Myron checked us in on the Cruizeheimers Net this morning. Dyad noted our position and commented that it is a beautiful area. We would have no idea. Once we left the anchorage, which was indeed beautiful, we saw nothing but fog. Visibility was around 6 boat lengths, sometimes less. As we said before, we are used to that from California, however it can get a little stressful entering an unfamiliar harbor. When we came near shore, visibility opened up and allowed us to evaluate whether to tie up at the dock. Once we brought Hold Fast alongside, we abandoned the idea as part of the dock had broken off into the water and the remaining dockage was less than the length of our boat. We are anchored a bit away from the dock in this well protected harbor. Myron is working on downloading some weather faxes from NOAA and I need to get dinner going.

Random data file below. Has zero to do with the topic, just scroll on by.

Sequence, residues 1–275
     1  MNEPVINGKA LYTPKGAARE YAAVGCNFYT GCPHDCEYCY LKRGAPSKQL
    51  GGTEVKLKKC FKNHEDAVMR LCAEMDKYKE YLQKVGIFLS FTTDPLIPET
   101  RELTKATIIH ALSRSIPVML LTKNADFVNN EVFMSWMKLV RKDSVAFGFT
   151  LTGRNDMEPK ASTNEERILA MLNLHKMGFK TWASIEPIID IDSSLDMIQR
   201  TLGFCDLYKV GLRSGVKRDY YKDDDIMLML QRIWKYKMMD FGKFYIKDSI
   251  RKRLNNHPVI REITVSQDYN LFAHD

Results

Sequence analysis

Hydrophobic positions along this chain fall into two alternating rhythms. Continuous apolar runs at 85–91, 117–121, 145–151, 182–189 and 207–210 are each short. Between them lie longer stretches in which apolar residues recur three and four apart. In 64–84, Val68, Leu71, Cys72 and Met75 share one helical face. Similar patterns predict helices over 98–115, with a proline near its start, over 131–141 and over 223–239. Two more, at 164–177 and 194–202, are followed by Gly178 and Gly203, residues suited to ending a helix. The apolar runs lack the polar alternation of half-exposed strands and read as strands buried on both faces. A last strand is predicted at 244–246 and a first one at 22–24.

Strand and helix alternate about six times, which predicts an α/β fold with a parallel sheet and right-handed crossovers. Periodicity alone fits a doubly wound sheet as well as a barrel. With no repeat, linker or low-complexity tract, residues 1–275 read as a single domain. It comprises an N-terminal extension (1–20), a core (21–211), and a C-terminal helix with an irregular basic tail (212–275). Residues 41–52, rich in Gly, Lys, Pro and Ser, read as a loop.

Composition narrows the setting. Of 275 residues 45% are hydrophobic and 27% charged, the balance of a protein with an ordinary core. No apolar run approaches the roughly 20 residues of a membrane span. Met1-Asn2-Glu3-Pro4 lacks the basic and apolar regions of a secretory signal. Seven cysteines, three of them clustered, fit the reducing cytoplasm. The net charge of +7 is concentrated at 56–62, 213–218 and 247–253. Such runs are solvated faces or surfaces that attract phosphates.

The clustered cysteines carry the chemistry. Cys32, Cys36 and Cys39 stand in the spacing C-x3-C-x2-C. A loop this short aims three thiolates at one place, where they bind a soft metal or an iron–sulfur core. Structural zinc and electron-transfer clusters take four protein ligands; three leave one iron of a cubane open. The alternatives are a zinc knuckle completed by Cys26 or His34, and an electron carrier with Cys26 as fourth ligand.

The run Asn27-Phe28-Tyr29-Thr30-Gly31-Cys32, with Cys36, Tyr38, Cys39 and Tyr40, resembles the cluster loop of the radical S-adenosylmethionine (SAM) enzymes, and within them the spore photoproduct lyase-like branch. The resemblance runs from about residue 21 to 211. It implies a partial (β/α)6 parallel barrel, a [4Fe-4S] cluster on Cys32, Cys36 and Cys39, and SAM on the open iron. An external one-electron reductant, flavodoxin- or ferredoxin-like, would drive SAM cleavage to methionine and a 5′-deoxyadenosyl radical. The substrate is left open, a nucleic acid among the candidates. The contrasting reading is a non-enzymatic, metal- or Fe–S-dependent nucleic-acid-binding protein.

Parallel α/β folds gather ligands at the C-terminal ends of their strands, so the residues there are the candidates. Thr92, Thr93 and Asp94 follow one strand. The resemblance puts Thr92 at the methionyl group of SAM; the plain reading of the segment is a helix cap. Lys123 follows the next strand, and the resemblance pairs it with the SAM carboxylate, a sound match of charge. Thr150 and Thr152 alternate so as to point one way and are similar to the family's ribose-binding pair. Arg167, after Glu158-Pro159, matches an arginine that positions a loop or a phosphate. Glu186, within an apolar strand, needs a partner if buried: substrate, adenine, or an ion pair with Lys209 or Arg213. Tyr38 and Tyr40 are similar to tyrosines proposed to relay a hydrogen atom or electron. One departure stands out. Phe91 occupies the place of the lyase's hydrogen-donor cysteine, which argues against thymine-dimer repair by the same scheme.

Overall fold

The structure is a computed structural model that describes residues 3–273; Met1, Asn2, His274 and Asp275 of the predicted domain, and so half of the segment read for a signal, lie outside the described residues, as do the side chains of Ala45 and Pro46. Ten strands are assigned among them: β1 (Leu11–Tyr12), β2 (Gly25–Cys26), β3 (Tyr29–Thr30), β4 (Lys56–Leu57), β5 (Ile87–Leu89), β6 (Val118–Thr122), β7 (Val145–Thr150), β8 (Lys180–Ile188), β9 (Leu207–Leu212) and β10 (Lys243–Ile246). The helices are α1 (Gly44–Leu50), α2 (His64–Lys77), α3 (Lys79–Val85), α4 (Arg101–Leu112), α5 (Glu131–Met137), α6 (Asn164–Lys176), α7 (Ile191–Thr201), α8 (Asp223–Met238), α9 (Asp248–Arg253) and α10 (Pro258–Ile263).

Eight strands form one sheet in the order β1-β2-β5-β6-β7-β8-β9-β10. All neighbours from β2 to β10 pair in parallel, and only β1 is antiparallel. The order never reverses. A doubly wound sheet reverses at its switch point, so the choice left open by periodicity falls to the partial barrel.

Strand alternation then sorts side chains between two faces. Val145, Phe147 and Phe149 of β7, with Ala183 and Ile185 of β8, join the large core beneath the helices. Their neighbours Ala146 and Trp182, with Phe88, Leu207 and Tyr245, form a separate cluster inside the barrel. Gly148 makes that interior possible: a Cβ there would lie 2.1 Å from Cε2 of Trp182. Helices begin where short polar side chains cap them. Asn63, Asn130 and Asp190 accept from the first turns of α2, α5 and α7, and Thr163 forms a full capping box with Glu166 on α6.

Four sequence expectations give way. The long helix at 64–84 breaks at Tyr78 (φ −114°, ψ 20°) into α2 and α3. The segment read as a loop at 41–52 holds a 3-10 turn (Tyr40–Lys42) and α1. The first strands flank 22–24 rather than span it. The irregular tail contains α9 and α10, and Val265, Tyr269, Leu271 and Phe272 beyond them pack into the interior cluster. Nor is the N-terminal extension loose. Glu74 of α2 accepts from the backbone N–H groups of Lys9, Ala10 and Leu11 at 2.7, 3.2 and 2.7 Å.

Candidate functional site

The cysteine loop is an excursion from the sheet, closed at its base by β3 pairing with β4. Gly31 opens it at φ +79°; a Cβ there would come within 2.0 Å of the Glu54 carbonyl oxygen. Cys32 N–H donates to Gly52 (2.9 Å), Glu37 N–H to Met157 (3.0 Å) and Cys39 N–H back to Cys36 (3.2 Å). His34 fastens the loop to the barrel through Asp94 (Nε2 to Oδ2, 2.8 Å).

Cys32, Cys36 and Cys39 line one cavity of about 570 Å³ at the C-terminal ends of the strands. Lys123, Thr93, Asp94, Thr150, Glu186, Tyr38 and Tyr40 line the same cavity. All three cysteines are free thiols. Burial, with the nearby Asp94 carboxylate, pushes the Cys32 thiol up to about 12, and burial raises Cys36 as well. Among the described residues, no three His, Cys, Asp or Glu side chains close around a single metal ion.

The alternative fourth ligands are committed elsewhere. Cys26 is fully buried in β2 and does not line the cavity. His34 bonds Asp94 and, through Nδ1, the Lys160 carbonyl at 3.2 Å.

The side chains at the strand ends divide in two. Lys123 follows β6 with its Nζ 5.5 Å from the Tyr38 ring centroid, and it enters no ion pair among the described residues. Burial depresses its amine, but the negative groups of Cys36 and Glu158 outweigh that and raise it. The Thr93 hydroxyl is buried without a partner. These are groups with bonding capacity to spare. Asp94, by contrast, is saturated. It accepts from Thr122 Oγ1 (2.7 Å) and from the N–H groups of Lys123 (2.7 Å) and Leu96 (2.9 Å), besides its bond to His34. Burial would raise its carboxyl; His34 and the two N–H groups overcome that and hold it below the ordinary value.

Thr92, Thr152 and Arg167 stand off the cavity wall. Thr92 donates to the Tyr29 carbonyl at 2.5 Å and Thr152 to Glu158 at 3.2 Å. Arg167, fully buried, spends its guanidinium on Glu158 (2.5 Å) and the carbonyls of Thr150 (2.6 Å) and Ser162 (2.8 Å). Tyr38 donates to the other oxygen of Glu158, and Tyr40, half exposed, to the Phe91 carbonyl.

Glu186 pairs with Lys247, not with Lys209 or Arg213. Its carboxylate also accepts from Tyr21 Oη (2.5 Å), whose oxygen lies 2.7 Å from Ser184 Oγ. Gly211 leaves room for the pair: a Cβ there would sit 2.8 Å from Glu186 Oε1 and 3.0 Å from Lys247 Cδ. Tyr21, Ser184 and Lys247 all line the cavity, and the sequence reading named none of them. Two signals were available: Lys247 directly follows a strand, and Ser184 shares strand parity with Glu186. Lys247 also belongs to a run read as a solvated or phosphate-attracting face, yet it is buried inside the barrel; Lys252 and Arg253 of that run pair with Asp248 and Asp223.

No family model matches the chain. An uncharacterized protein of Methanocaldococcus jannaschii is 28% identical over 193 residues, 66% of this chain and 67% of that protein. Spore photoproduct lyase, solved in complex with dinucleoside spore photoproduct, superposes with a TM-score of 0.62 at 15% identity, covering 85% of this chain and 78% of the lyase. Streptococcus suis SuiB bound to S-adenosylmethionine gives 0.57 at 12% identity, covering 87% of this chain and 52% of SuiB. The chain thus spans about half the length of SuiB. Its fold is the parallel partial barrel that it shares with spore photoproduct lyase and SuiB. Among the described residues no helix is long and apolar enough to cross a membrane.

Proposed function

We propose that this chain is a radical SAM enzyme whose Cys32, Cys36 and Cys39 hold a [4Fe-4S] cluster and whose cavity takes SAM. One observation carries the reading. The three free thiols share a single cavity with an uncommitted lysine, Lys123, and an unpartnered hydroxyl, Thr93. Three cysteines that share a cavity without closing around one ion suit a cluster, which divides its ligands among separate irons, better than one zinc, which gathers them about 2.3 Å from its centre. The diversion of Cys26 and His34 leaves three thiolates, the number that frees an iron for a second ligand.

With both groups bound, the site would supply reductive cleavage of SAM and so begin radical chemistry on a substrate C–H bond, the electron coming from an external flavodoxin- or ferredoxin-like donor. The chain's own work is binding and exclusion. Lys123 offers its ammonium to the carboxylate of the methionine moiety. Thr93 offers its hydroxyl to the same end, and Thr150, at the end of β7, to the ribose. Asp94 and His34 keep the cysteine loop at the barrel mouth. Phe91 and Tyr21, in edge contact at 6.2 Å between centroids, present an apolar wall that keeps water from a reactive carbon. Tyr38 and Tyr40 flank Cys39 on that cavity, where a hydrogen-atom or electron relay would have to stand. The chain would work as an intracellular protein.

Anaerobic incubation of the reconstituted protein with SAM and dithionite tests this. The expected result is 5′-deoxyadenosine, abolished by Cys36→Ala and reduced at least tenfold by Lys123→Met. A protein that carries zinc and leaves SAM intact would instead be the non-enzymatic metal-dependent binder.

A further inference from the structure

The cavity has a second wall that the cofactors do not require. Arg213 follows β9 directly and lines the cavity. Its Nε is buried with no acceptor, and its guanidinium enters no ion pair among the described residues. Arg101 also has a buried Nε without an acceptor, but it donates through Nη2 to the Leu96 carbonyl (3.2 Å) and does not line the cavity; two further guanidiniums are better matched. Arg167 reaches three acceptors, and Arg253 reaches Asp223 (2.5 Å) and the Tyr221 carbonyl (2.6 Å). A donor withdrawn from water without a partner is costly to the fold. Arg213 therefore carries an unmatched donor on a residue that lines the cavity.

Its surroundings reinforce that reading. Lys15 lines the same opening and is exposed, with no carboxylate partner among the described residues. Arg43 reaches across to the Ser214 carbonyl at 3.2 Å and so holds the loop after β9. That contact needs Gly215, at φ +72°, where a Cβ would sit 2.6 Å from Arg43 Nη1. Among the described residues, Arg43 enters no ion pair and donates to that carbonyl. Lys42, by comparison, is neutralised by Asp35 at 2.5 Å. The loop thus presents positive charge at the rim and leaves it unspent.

I miss the sun. I know it is out there.

Love to all,
Dena

Posted via Ham Radio.
{GMST}45|06.685|N|061|40.855|W|Anchored|{GEND}

Monday, July 14, 2014

Shelter Cove Near Sheet Harbor

Vince introduced us to Dave and Carolyn, whose floating dock we used to come ashore. After visiting with them and a bit of touring, including the prison cells at the Arm's Yacht Club, we enjoyed a nice dinner that Sharlene put together. It was 10 pm before we knew it, way past cruiser's midnight. Sunday was a blur of historical highlights combined with some needed shopping and a propane fill. We topped that off by catching the world cup final before we said our goodbyes to Vince and Sharlene. It was the end of another wonderful stay with the friendly folks of Nova Scotia.